"And I am awaiting, perpetually and forever, a renaissance of wonder."
Like many young people in the 70s and 80s I discovered the words of Lawrence Ferlinghetti sometime during my adolescence. Certainly it was linked to my learning of the Beats and reading Ginsburg's Howl for the first time and realizing there was a whole world of poetry and literature I'd never fathomed. And it was the kind of writing that could be found in and published by City Lights Bookstore in San Francisco. And when I first read Ferlinghetti's Coney Island of the Mind, I realized poetry could sound like the wonderfully strange meanderings of my mind, and that was pretty cool.
The poem "Sometime During Eternity" blew the mind of this young Catholic boy, and it is the first poem I memorized and performed publicly (beyond, of course, basic class requirements). Ferlinghetti had a way of being reverent and irreverent at the same time. Later, while in college studying to be a teacher, one of my professors used a few lines from "I Am Waiting" to talk about using the magic of childlike wonder as as a foundation for learning and teaching. Years later the poem would be something I regularly used to open the school year in my classes, and it became the inspiration for one of my first published pieces of commentary in the Denver Post, "Awaiting - still - a Renaissance of Wonder."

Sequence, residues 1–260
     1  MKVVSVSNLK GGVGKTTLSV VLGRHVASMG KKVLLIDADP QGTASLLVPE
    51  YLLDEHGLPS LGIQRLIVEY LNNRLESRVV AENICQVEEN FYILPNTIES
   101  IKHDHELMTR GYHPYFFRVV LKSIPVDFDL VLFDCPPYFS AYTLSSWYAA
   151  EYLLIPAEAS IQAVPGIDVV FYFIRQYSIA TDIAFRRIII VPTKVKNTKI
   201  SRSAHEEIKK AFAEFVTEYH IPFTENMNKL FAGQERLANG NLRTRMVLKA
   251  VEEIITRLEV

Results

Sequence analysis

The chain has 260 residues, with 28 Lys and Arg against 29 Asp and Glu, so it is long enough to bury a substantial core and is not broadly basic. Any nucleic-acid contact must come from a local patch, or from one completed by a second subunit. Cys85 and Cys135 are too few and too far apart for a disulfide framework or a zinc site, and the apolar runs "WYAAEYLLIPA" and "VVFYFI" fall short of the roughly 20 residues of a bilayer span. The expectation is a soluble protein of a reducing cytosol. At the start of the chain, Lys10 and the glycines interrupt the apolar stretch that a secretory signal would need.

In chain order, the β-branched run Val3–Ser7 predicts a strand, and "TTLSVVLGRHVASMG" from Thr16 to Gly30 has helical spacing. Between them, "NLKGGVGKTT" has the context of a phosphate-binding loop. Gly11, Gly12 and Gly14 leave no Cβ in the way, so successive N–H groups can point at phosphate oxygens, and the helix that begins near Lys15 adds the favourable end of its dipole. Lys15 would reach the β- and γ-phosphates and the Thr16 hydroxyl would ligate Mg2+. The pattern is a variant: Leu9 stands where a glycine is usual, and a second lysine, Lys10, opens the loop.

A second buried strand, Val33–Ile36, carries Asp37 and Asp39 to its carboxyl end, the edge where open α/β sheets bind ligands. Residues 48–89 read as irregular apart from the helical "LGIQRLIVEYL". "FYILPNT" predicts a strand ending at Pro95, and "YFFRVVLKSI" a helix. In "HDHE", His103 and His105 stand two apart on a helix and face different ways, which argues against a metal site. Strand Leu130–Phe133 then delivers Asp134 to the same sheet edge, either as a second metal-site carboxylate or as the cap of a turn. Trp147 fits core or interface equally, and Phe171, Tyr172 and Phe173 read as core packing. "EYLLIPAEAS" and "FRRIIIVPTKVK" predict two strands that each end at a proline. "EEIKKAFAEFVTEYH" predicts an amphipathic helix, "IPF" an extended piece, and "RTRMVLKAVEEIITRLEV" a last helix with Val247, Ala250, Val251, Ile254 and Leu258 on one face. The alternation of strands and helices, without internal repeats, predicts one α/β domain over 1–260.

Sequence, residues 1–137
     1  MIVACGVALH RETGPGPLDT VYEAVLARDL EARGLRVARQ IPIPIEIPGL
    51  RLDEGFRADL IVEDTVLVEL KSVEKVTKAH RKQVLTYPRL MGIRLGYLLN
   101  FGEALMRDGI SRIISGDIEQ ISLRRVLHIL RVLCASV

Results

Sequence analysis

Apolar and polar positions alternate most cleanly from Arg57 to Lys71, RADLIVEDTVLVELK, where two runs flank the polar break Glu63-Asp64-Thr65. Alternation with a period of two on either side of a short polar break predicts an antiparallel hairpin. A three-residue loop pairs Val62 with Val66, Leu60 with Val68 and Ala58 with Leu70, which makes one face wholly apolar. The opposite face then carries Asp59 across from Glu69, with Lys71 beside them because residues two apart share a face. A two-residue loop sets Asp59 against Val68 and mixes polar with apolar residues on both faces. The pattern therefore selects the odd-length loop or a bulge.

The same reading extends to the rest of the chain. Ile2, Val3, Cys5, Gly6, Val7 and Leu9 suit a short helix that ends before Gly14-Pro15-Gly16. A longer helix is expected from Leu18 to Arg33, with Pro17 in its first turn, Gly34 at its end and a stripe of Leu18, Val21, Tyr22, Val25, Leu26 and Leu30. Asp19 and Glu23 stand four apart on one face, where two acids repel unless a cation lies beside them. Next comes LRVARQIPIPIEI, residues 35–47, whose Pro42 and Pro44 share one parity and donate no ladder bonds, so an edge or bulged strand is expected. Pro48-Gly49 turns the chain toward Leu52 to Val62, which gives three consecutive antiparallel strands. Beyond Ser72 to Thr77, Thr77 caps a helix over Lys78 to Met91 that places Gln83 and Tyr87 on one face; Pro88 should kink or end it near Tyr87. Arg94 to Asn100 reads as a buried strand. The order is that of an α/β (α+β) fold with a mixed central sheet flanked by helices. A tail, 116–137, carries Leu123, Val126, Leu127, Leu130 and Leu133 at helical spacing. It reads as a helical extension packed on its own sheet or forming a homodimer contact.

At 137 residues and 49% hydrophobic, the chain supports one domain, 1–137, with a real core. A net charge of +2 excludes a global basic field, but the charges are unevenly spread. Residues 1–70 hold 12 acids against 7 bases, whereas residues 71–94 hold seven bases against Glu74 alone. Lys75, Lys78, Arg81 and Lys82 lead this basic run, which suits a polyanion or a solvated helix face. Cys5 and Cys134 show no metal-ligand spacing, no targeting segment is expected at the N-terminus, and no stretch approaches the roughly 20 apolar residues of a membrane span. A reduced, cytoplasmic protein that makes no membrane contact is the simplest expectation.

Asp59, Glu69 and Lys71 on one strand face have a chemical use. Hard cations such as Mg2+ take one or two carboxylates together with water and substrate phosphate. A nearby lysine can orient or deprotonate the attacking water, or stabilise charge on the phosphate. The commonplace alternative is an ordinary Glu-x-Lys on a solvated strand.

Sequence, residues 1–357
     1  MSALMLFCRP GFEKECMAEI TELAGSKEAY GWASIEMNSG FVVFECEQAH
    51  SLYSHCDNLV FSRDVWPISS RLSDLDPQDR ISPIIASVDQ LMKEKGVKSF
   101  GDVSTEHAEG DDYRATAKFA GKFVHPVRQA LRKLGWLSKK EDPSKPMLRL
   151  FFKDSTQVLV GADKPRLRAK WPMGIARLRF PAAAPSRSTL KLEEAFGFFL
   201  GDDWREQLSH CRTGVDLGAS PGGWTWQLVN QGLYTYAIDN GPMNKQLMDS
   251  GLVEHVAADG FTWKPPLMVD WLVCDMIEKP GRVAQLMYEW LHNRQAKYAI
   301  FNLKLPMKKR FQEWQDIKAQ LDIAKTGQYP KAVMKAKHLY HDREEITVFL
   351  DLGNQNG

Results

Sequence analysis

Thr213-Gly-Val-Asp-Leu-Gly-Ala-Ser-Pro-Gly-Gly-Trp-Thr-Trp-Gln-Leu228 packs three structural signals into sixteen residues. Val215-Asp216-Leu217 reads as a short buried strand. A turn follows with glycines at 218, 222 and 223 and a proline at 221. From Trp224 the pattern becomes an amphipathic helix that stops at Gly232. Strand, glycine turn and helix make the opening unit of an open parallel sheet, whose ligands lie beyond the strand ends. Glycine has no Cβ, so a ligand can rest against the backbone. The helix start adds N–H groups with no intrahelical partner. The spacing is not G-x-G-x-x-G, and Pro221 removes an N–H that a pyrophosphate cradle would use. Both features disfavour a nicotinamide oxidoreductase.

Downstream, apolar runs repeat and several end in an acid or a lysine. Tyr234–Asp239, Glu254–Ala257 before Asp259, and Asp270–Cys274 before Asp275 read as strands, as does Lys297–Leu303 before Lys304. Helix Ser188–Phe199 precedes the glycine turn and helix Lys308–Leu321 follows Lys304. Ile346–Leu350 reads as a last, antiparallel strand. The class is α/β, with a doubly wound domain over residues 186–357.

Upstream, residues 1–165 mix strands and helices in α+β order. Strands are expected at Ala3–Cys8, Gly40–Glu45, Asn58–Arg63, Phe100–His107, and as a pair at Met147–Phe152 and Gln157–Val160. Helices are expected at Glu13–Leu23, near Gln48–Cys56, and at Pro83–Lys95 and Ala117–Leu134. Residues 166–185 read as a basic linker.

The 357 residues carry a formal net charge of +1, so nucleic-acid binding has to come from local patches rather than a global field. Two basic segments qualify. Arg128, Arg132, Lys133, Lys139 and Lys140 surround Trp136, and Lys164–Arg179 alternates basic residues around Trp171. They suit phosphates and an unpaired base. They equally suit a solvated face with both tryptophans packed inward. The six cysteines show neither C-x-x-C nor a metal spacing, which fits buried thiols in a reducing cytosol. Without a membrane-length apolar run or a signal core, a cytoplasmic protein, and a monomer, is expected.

Rest in peace, dear poet. Godspeed.